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Construction & Design

LEED-certified homes are at an all-time high

A new report reveals that green, LEED-certified homes have grown 19 percent since 2017.

The U.S. Green Building Council (USGBC), has released a new report, “LEED in Motion: Residential,” showing the growing green trends in the homes market. The report reveals that green, LEED-certified homes have grown 19 percent since 2017 and are at an all-time high with nearly 500,000 single family, multifamily and affordable housing LEED-certified units globally and more than 400,000 units located in the U.S.

LEED, or Leadership in Energy and Environmental Design, is the most widely used green building rating system in the world. LEED certification is available for virtually all building types as well as single-family homes, neighborhoods, cities and communities.

“One of the most important investments a person will make is in their home, and the quality of these spaces can have a direct impact on an individual’s health and well-being,” said Mahesh Ramanujam, president and CEO, USGBC. “As an industry, we want to find ways to raise everyone’s living standard, so we need to prioritize the construction and remodeling of homes so that they are not only environmentally friendly, but they also have the power to improve the quality of life for all human beings.”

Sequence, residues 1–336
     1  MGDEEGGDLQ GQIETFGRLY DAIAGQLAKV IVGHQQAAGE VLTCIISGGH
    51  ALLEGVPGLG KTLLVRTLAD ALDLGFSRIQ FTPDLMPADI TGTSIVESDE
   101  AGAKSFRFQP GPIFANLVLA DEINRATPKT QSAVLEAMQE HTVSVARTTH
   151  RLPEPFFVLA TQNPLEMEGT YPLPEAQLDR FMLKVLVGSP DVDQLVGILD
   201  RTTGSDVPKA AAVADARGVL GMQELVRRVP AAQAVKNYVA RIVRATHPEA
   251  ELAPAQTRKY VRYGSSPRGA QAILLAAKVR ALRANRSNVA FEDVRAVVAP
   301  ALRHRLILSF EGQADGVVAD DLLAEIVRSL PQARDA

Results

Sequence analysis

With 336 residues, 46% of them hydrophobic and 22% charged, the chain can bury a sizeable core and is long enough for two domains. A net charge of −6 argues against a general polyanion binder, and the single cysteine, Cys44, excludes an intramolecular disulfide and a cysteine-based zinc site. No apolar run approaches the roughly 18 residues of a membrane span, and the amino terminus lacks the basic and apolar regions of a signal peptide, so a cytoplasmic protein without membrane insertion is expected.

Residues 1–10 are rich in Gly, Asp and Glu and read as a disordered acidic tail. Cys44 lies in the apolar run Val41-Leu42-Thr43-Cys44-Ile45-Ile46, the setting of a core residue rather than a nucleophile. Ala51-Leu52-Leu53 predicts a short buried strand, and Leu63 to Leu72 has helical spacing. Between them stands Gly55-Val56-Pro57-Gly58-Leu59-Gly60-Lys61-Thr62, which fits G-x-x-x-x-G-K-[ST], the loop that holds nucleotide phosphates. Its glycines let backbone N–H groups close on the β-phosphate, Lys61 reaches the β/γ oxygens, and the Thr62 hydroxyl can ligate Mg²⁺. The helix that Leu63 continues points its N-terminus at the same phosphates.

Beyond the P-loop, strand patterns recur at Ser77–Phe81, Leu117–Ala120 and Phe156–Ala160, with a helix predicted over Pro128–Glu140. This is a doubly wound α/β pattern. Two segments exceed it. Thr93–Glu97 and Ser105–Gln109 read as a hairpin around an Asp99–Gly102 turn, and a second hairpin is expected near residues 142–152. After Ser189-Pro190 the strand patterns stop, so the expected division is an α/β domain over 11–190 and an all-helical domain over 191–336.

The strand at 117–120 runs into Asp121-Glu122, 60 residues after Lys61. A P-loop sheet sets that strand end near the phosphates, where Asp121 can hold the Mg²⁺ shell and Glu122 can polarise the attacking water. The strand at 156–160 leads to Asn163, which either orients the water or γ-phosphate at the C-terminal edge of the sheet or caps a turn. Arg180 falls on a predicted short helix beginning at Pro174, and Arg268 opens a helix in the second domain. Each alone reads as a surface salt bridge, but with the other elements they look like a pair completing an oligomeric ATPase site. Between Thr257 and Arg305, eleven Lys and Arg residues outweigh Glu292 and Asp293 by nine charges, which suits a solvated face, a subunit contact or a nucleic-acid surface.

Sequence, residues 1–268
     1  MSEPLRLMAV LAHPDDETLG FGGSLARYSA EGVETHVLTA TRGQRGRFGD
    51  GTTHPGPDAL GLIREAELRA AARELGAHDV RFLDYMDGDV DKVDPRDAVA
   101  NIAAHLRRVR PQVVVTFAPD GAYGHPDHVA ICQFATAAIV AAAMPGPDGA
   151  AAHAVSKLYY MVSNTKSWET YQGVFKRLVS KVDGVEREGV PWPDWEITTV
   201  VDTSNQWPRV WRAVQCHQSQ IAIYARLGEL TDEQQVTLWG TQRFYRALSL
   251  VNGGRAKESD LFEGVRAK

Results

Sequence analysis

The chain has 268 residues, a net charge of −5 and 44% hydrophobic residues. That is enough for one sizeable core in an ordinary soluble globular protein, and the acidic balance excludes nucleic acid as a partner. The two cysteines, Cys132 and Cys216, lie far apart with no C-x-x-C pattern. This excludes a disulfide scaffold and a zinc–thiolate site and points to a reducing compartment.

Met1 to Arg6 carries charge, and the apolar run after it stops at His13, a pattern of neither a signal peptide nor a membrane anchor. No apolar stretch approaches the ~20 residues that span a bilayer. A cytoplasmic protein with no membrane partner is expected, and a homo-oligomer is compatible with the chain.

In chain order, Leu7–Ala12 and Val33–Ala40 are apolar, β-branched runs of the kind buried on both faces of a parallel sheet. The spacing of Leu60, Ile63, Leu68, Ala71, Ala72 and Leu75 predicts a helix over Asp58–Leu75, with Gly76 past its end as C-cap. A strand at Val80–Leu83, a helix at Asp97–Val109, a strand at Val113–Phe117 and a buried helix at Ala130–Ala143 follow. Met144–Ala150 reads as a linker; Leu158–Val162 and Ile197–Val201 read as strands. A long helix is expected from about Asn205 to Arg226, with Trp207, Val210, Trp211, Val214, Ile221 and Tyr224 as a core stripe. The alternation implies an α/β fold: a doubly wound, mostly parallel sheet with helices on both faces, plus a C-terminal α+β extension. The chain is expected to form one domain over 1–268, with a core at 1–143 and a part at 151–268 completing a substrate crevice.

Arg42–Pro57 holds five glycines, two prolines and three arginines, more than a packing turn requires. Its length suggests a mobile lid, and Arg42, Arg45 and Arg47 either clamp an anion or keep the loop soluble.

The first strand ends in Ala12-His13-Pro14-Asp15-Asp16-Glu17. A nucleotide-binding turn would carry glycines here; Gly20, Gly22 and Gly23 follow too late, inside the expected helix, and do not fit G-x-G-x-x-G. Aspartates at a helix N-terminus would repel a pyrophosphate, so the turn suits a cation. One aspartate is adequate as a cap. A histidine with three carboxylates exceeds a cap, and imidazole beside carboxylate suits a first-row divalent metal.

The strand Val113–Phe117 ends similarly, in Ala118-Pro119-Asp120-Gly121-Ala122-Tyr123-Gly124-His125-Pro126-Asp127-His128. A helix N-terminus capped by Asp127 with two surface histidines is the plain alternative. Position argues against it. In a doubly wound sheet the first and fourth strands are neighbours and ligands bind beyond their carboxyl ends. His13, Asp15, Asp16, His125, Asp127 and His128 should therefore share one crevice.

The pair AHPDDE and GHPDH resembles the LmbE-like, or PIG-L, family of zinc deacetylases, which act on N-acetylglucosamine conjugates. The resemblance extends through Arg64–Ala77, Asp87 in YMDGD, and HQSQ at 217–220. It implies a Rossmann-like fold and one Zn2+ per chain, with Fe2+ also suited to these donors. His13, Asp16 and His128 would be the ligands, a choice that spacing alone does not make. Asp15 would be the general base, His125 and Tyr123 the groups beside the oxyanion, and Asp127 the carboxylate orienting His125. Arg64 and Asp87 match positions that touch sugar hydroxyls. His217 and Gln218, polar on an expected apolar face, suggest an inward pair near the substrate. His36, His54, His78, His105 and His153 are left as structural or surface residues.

On average, LEED-certified homes use 20 to 30 percent less energy than a traditional home, with some home owners reporting up to 60 percent savings. In addition to minimizing energy, waste and water, certified homes are designed to support human health and comfort. While homebuilders and buyers may feel intimidated by the current housing market, green homes can provide a sound investment opportunity. They can be built for the same cost – and sometimes less – than conventional homes; sell at higher prices and faster; require less maintenance; and improve energy and water efficiency, which can lower utility bills. Nationwide, the annual energy bill is more than $2,000 and places a burden on low-income residents. Currently, there are more than 78,000 residential units that qualify as affordable housing and are participating in LEED.

“It can be difficult to see why prioritizing a green home is important, but the environmental and personal health outcomes are very real,” added Ramanujam.

Construction of green multifamily and single-family homes is expected to continue to grow through 2022 and LEED plays an important role in verifying that progress and activity.

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